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When Dad Got It Wrong. On Finding the Good. (From the archives)

Father’s Day is always interesting for me. So many feelings of joy as we celebrate my hubs and my step-dad. But, still a void where my dad used to fit. It also challenges me to embrace forgiveness while trying to remember the good times, even when the good time are a little hard to remember. This blog post came out of this same roller coaster ride that was Father’s Day week last year. Maybe it will encourage you if you or your kids are missing the dad who used to be a member of the family:

[From June 13 2013] – My dad left when I was 14. He’d been figuratively gone for years, but the literal leaving happened the day of my High School Orientation. (I still remember telling my Freshman friends who came to pick me up that he was going on a trip.) Add to that moment a mountain of other hurts and you have a wounded girl who became a wounded woman. Without a lot of counseling, a caring husband, and the love of my forever Father, I’d be lost. But, I can’t let it go there.

Yes, my dad caused a lot of pain. However, he’s part of who I am and there has to be some good there. I want to remember a few things my dad did that had a positive impact. Why? Because they exist. Because they’re a gift from the Giver of all good things. Because every parent needs to know they did something right. And every broken child needs to see the good in herself.

If Father’s Day is rough for you, maybe you’ll find some encouragement here…


When the job of waking the kids fell to Dad, he always had a peaceful way about him. In fact, the best memory I have of my father is of him quietly entering my room on school mornings, sitting on the edge of my bed, and rubbing the blanket where it covered my feet. Then he would whisper something like, “It’s Wednesday, only two more days after today and the weekend will be here!” He’d stay for just a moment, but it was a really nice way to wake up. It made me feel special. Loved. These memories remind me to start my own daughter’s day with a soft voice and a gentle touch.


Dad was Sheriff of our county and there were a few perks that came with that role for us kids. (Downsides too, but we’re focusing on the good here.) My brothers and I didn’t have to pay to get into the County Fair. We got to ride in an squad car, which our friends thought was cool even if it meant we never got to talk. And, we got Sheriff Burgers. I don’t remember what was so special about Sheriff Burgers, but I do remember Dad saying he was making them and they sounded awesome. I’m pretty sure he just added Lipton Soup mix, but the memory’s in the name. Today, Jeremy and I make a big deal out of telling Alyssa she’s part of Team Tracey. Someday this might elicit endless eye-rolls, but for now she’s all about it. It gives her a sense of belonging. We also break out the Celebrate Plate for things that are huge to a soon-to-be second grader, like losing a tooth or the first day of school. My dad helped me see the importance of those “family only” activities.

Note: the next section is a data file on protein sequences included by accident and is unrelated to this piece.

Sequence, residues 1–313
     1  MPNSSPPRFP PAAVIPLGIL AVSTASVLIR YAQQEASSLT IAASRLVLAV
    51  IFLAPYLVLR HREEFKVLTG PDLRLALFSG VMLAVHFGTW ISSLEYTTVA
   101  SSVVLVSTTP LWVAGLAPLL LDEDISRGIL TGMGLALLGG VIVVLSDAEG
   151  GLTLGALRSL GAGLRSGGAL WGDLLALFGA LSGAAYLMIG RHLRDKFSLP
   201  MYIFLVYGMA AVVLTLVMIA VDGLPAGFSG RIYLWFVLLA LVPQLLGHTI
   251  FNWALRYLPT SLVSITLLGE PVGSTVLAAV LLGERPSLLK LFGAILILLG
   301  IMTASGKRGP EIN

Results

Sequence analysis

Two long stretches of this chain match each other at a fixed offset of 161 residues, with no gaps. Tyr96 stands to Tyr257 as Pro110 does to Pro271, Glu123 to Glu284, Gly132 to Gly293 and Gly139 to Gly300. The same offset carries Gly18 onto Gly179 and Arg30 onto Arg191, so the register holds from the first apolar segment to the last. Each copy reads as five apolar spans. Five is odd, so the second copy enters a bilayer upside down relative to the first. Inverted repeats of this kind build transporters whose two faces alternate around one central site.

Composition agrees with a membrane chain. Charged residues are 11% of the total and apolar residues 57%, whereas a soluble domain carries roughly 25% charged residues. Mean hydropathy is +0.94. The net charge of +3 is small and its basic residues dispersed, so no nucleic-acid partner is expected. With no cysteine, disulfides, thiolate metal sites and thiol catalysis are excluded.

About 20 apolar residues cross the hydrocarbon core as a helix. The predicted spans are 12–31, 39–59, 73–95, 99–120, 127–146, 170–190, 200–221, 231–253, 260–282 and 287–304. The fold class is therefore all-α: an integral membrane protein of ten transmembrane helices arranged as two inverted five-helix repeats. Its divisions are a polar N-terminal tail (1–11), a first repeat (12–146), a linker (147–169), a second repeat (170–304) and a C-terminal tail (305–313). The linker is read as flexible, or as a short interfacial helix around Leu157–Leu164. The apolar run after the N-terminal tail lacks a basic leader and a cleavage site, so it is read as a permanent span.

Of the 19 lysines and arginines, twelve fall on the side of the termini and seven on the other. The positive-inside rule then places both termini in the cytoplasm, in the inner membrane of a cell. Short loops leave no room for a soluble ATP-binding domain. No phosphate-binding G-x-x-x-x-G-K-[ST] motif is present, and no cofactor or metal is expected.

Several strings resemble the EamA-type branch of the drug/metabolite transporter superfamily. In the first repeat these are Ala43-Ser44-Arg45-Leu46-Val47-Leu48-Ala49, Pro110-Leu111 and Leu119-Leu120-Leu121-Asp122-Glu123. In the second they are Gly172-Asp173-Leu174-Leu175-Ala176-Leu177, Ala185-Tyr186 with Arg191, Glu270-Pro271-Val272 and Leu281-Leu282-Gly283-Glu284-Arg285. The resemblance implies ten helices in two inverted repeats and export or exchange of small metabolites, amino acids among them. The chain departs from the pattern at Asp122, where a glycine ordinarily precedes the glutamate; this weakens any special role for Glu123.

As God has helped me work through childhood wounds, He’s opened my eyes to this reality: If I hadn’t had the dad I had, I might never have found compassion for him. At some point in my early 30’s, I started to see that my father didn’t set out to be unkind or negligent. His parental flaws stemmed from his own childhood wounds. His little-boy heart had grown into a man-heart in need of healing. Does it excuse the painful words and actions? No. It does help me open my heart just a little to a man who’s seen some of the consequences of his choices. One who hopes to be a part of his kids’ lives, even if it’s a position undeserved. And this is a perspective I hope to pass on to the heart of a little girl I have the great responsibility to lead into a life lived for a compassionate Savior.

Consider it pure joy, my brothers and sisters, whenever you face trials of many kinds, because you know that the testing of your faith produces perseverance. Let perseverance finish its work so that you may be mature and complete, not lacking anything. ~ James 1:2-4 (NIV)